Adjective "recondite" definition and examples



Definitions and examples


(of a subject or knowledge) little known; abstruse.
  1. 'Hansen uses short sentences and has a knack for clarifying opaque and recondite ideas.'
  2. 'Let's show the world that we can be lucid and enthusiastic explainers of recondite ideas, not merely the flamboyant show-offs that unfair stereotypes so often paint us to be.'
  3. 'Feeling uncertain of his understanding of the mathematical concepts, he asked senior mathematicians to test his grasp of the more recondite concepts.'
  4. 'It is a mine of interesting and recondite information, written by the leading authorities in their fields.'
  5. 'Imagery is of central importance to all three poets, and their use of images is daring, varied, and frequently recondite.'
  6. 'He took his stories from writers more recondite than Ovid and Livy, the sources for the painters of the Bourbon monarchy and the Napoleonic empire.'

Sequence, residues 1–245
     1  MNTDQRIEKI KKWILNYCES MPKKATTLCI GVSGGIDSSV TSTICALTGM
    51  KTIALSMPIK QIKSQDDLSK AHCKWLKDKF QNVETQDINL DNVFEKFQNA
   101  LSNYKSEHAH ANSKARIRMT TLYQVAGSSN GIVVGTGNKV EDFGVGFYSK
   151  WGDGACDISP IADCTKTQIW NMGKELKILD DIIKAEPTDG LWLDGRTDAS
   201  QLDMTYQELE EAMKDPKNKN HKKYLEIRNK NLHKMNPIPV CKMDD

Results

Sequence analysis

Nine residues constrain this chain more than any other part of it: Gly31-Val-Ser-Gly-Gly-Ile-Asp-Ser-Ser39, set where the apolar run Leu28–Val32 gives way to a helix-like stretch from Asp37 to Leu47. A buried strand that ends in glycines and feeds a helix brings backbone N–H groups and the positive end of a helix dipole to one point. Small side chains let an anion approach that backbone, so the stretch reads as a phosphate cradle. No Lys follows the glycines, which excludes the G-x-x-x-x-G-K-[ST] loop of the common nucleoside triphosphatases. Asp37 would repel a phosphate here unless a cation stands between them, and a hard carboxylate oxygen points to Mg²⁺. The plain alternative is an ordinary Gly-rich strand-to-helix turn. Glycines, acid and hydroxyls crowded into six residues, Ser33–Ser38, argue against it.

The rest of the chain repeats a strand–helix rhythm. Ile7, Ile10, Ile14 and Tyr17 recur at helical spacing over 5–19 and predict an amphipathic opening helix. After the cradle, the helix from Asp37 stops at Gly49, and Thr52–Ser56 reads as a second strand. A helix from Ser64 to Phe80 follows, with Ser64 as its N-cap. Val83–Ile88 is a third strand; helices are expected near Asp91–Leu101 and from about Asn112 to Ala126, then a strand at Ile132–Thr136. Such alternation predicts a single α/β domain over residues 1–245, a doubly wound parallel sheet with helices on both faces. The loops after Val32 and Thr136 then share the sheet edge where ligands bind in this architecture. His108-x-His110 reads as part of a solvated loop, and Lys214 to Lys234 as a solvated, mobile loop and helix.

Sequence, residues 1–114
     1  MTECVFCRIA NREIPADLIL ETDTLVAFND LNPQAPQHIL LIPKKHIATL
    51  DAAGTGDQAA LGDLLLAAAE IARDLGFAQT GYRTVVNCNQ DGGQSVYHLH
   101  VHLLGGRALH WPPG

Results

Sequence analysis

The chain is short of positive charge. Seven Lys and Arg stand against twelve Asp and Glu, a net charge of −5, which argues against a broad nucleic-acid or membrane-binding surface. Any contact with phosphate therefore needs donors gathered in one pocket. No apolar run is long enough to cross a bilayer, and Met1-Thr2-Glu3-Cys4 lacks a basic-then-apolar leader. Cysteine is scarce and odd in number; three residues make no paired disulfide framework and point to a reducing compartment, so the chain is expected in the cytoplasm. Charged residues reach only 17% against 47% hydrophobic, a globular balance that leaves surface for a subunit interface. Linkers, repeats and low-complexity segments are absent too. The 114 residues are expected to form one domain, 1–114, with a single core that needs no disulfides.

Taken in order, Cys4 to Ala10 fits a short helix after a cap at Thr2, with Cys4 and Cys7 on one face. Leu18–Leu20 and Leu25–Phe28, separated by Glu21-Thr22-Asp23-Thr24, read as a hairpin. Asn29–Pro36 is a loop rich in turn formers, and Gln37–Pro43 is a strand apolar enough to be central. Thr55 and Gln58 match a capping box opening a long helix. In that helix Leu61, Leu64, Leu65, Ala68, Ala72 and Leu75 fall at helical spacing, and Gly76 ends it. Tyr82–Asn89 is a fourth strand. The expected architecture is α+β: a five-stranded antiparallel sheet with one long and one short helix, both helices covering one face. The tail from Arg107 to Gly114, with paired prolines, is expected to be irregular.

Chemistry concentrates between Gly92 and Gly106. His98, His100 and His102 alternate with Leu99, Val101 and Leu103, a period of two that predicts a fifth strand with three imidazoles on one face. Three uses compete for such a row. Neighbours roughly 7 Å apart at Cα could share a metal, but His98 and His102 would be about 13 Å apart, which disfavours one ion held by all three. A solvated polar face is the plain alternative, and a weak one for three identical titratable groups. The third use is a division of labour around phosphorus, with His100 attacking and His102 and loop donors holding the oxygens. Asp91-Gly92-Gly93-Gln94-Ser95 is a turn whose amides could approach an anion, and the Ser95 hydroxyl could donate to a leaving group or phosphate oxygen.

7. 'But if you dress up the idea in a forbidding vocabulary, full of neologisms and recondite references to philosophy, then you may have a prescription for academic stardom.'
  8. 'His accompanying text may not answer every question on this recondite subject.'
  9. 'Derrida burst on to the world stage in the 1960s with his recondite theory known as deconstruction.'
  10. 'The Buddha's monks were not to speculate about the future or the past, or about such recondite questions as the beginning or end of the world.'


1. dealing with very profound, difficult, or abstruse subject matter: a recondite treatise.

2. beyond ordinary knowledge or understanding; esoteric: recondite principles.

3. little known; obscure: a recondite fact.

More examples(as adjective)

"topics can be recondite."

"subjects can be recondite."

"sources can be recondite."

"recesses can be recondite."

"reasons can be recondite."

More examples++


Mid 17th century: from Latin reconditus ‘hidden, put away’, past participle of recondere, from re- ‘back’ + condere ‘put together, secrete’.